This weeks task was to explore Copyright in a photographic context.
As a working professional photographer you have noticed that someone has used one of your images on their blog. They have not credited you for being the original photographer, but have not said that they are the photographer either. It is just a personal blog showing interesting photographs from around the world.
I would have to work out where it was they got the picture from and whether it was clear that they couldn’t just take it without permission. If I did not authorise copyright to the clients or anyone else at all then I would first give the person the benefit of the doubt and ask them kindly to remove the picture, or if I was happy to have it there I’d ask them to credit me as the photographer. If they did not follow through with this I would then seek legal advice as to whether my copyright and been breached or not. I would then give them a certain amount of time to remove or credit the photo,and if they didn’t I’d follow up with legal action. Under copyright law I have the legal right to assert my moral rights.
As a wedding photographer you notice that at the local shopping centre one of your images in the window of a “QuickPrint” printing shop. After talking to the shop owner, he tells you that a couple came in and got some enlargements done and agreed to let the shop owner display one of the images in the shop window.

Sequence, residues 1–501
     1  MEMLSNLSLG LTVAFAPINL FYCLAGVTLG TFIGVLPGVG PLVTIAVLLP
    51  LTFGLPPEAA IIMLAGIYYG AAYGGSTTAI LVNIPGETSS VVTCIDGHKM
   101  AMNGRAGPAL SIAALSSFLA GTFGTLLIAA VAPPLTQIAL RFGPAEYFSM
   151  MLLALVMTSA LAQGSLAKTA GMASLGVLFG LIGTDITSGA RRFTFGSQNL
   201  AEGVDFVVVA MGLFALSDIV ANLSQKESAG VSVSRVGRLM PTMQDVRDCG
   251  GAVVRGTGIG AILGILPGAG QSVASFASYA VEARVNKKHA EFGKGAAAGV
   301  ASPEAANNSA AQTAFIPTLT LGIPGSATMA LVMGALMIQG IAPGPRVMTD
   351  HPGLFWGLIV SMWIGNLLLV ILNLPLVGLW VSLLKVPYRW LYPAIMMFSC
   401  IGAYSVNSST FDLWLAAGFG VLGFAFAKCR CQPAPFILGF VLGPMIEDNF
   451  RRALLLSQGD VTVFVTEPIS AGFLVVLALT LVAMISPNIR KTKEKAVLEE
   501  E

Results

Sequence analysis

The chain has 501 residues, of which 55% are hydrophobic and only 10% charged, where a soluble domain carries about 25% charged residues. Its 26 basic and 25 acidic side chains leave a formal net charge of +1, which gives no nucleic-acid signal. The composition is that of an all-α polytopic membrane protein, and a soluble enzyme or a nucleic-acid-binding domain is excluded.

I would first ascertain from a lawyer if indeed my copyright had been infringed upon in this situation, and I would take a picture of the photo in the window as proof to show the lawyer. If it was decided that yes my copyright had been breached, and it was I who held the rights to the images, not the couple who had purchased them, I would explain to the shop owner that I did not agree to this scenario, and would they kindly remove the image from the window. I would give them a reasonable time frame, say 48 hours to remove the picture, and advise them that if they did not I was obliged to take it further.
As a working advertising photographer you take an image of a building and cityscape for a regular client. You agree on usage and a price. It is agreed that the image can only be used for 12 months and printed up to A3 for brochure, internal marketing and on their website and not to be used overseas. Six months later you notice that your image is being used on the side of a tram, covering the entire tram. Once you start investigating this you notice that your image is also being used for advertising in international magazines.
If there was a signed contract by both parties as to the usage agreements of the images, then yes I would have legal grounds to seek compensation for this being broken. If not such contract exists and it was only a verbal agreement than I amy not have any leg to stand on. The Copyright Council of Australia “Australian Copyright Council Information Sheet G035v11 Photographs – Copying Photos You’ve Paid For” document says “When you are commissioning a photographer, it is best to put a written agreement in place about who owns copyright and who is entitled to prints and digital files, as well as what each party is allowed to do with these, in order to avoid uncertainties.” So ultimately it would come down to what was written in the contract.